I’m working 50–60 hour weeks these days in my teaching, grading, Zoom sessioning, faculty meeting attendance, and more. I have very little time for movies.

So I am being very selective about what I take the time to watch. Since I wasn’t very fond of A Quiet Place — I never reviewed it, so here are my first-impression notes at Letterboxd — I’m not feeling motivated to go see A Quiet Place Part II.

Guns and aliens and stuff we’ve seen before — it must be summertime at the movies. YMMV. [Image from the Paramount Pictures trailer for A Quiet Place Part II.]
Making me second-guess myself, here’s my favorite film critic: Steven Greydanus. At The National Catholic Register, he intrigues me first by telling me what I like to hear about a suspenseful thriller:

Krasinski’s shrewd less-is-more approach to suspense and tension, and his penchant for crafting gripping set pieces and dreadful dilemmas around well-established rules, have, if anything, grown since the first film.

If there’s no one moment at once quite so agonizing and utterly simple as that indelible sequence in the first film with the nail, Part II makes appallingly effective use of something much softer. In one white-knuckle sequence after another, Krasinski shows that he understands that while the CGI beasties may drive the horror, what makes it tangible is what is mundane and concrete.

He adds, however, that it “winds up doing not quite as much with rather more….”

Not quite as much? I was dissatisfied with the first one for doing, well… not much.

Checking the account of Josh Matthews — a friend from The Glen Workshop and a reviewer I follow on Letterboxd — I find him confirming the things I feared I would find in the film:

It does not advance anything about the characters or world from Quiet Place 1. Everything from the original movie is repeated several times: more babies in peril; more metal mangling feet; more monsters who conveniently are as slow or as fast as the film needs them to be.

There is a big fat Zero character development. When I got home from this, my wife asked me if the Emily Blount [sic] character got married. Her point being, did she change, grow, develop, find new relationships, etc.?

And I had to respond, no, she pretty much did exactly the same thing as the first movie.

And he concludes that you might be entertained, but only if “you turn your brain off” for the duration.


Josh Larsen‘s opening line at Larsen on Film does not encourage me either:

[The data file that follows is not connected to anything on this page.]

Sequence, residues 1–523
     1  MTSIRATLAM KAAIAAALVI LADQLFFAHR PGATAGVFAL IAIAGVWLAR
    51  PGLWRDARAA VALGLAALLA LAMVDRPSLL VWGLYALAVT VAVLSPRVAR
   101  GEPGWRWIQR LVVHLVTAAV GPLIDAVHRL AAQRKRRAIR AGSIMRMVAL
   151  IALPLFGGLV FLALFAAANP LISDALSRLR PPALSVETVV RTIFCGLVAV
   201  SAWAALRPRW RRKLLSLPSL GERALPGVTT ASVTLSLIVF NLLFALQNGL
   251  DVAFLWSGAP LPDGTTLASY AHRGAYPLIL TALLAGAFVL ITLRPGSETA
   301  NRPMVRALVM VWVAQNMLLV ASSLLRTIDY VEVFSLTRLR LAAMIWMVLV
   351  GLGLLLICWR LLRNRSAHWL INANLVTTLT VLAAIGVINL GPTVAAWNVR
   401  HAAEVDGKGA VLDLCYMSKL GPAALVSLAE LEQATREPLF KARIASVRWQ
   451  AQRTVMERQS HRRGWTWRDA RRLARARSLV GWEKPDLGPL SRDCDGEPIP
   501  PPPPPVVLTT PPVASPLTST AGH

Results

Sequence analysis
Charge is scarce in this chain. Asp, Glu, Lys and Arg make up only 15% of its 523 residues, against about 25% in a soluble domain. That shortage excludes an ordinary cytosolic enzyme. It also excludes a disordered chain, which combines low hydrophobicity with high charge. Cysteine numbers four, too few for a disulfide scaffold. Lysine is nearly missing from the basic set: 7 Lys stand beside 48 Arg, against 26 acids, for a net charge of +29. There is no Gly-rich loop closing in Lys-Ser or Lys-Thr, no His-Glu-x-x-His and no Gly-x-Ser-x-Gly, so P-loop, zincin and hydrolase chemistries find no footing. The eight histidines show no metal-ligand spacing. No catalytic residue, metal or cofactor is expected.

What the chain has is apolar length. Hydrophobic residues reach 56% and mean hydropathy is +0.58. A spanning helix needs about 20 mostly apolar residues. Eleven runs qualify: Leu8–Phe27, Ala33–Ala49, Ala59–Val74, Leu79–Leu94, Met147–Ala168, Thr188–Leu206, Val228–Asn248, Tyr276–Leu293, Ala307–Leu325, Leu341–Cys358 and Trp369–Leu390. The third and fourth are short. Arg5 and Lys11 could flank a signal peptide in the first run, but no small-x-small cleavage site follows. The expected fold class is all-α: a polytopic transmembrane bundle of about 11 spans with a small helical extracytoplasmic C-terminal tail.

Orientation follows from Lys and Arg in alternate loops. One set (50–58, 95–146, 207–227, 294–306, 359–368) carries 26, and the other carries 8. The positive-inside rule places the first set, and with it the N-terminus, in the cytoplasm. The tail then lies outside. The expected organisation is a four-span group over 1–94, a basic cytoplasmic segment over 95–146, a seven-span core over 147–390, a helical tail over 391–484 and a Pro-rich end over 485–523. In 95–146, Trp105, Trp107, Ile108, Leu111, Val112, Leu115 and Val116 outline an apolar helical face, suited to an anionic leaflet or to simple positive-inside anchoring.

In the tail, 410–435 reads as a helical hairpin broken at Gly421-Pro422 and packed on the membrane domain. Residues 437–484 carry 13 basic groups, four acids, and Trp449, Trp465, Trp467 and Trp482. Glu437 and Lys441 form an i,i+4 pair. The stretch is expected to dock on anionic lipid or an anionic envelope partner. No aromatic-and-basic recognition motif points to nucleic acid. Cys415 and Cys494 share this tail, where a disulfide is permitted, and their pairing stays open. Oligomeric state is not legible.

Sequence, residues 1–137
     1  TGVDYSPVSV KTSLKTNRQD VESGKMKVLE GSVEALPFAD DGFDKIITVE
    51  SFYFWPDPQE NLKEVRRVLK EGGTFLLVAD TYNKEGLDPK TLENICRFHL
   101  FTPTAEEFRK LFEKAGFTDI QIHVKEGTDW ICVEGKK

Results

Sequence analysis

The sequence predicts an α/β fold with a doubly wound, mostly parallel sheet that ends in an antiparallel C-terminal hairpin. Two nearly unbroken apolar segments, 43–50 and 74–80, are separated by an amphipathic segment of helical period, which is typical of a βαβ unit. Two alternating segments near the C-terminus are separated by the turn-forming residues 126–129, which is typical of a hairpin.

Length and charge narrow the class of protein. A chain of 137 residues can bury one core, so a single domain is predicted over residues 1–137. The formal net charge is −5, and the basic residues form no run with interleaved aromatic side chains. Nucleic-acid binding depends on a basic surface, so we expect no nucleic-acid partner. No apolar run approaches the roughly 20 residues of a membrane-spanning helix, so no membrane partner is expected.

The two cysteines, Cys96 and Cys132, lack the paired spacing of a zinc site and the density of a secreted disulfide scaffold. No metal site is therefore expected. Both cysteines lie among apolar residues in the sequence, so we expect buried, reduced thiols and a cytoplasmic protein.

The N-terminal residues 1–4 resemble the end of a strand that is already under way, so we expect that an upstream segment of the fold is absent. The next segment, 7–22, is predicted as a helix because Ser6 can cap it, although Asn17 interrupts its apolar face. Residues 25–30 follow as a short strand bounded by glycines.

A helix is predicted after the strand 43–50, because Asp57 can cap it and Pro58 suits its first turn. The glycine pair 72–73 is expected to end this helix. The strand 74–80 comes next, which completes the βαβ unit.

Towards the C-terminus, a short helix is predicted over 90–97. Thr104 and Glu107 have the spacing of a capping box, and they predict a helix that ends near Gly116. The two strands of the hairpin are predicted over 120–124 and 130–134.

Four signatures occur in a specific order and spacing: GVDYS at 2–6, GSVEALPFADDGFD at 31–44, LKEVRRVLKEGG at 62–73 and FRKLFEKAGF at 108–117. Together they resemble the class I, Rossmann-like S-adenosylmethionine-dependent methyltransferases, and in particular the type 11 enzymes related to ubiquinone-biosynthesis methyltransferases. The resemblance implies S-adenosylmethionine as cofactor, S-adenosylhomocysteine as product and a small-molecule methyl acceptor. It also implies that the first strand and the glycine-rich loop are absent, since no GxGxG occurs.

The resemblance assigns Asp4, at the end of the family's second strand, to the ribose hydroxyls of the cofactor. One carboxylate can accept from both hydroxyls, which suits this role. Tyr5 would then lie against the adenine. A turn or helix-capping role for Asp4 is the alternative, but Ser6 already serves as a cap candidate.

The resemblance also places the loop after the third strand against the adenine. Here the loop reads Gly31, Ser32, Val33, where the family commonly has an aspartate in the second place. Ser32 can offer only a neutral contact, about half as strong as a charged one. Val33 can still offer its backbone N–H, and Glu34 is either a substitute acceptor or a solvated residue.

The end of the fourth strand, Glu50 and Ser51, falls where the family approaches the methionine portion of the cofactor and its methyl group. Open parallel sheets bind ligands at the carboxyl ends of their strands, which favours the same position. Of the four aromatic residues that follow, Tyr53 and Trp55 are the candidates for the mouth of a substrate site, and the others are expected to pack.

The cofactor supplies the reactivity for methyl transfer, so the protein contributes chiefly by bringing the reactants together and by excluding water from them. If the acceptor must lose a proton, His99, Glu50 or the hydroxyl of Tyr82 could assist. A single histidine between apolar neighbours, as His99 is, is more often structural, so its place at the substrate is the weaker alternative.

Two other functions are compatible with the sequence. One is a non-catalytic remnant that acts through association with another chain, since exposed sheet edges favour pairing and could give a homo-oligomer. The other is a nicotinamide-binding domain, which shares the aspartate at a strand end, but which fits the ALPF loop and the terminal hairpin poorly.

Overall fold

If A Quiet Place was, in part, an ode to farm-to-table masculinity, A Quiet Place Part II doubles down on that ethos. The movie is mostly about its homegrown characters learning to “man up.”

He eventually concludes:

On the surface, A Quiet Place Part II is another expertly crafted and well-acted monster movie, much like its predecessor. … I only wish A Quiet Place Part II was more interested in interrogating its take on masculinity.

If there’s anything I’m no longer interested in spending my moviegoing time on, it’s a version of traditional “man-up” masculinity that goes unexamined. Day by day, it becomes clearer that toxic masculinity is one of the root causes of so many things threatening to kill off the good that remains in the world.

Step softly and carry a big gun — a perfect allegory for how we got through COVID, amirite? [Image from the Paramount Pictures trailer for A Quiet Place Part II.]
Another favorite critic of mine via Letterboxd — Michael Casey — says this in Boulder Weekly:

Part II is standard sequel stuff.

After his detailed description of an unremarkable film, he describes how his complaints “evaporated the second my gaze drifted up and saw a band of light beaming over the audience and onto a screen 10 times the size of my TV.” Ah, so… the joy of returning to theaters was enough for him, and also for the audience: “A few people applauded when the movie was over, and the rest seemed pleased. They were happy to be back.”

That’s not good enough for me. I’ve been going to theaters for several weeks now. If I’m going to invest time in movies, I want to see movies that remind me of why I love cinema. And while I love the way films bring people together, it’s about more than being in a big, crowded room.

You’re invited to try to change my mind… or to tell me I’m making the best decision by waiting around for something better.

I’ll share any comments I receive that I find useful… one way or the other. (That means they need to be civil and detailed.)


Privacy Preference Center